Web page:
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Dev Comp Immunol. 2017 Dec;77:141-149. doi: 10.1016/j.dci.2017.08.002. Epub 2017 Aug 9.

Identification of the first cathelicidin gene from skin of Chinese giant salamanders Andrias davidianus with its potent antimicrobial activity.

Author information

1
College of Animal Science and Technology, Northwest A&F University, Shaanxi Key Laboratory of Molecular Biology for Agriculture, Yangling, Shaanxi 712100, China.
2
College of Animal Science and Technology, Northwest A&F University, Shaanxi Key Laboratory of Molecular Biology for Agriculture, Yangling, Shaanxi 712100, China. Electronic address: fisherwanglx@nwsuaf.edu.cn.

Abstract

Cathelicidins, as effector molecules, play important roles against infections and represent a crucial component of the innate immune system in vertebrates. They are widely studied in mammals, but little is known in amphibians. In the present study, we report the identification and characterization of a novel cathelicidin from Chinese giant salamander Andrias davidianus, which is the first study in Caudata amphibian. The cDNA sequence encodes a predicted 148-amino-acid polypeptide, which composed of a 20-residue signal peptide, a 94-residue conserved cathelin domain and a 34-residue mature peptide. From the multiple sequence alignments and phylogenetic analysis, AdCath shared conserved structure with other orthologs and clustered with other amphibian peptides. The tissue expression profiles revealed AdCath was highly expressed in skin. To study the function of AdCath gene, the AdCath precursor protein and mature peptide were recombinantly expressed and chemical synthesized respectively. The rAdCath protein could bind to LPS in a dose-dependent manner. When the concentrations of rAdCath protein and mature peptide were up to 22 μg/mL, they showed significantly cytotoxicity to human 293T cell lines. The rAdCath protein and synthetic peptide could exhibit antibacterial activities detected by the minimum inhibitory concentrations assay. From the SEM assay, the synthetic mature peptide could destroy the membrane of bacteria and cause loss of membrane integrity. Collectively, these findings characterized the first cathelicidin from A. davidianus, and highlighted its potential antimicrobial activities, indicating its important roles in the skin immune response against different bacteria.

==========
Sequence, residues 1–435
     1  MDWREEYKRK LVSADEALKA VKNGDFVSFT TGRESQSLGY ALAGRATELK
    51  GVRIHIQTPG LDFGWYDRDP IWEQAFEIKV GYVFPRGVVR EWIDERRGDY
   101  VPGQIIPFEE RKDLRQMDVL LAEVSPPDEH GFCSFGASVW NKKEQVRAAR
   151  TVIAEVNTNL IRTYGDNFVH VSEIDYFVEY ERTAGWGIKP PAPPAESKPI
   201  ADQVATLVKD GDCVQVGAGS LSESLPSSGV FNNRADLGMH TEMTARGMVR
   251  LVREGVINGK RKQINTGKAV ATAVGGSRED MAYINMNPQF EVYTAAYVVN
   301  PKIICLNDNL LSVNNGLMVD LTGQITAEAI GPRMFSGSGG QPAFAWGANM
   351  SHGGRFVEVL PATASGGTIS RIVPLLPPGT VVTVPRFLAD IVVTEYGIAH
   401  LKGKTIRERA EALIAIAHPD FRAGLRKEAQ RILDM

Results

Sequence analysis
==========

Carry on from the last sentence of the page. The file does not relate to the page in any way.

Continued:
KEYWORDS:

AMPs; Antimicrobial activity; Cathelicidin; Chinese giant salamanders

PMID:
28801228
DOI:
10.1016/j.dci.2017.08.002
[Indexed for MEDLINE]

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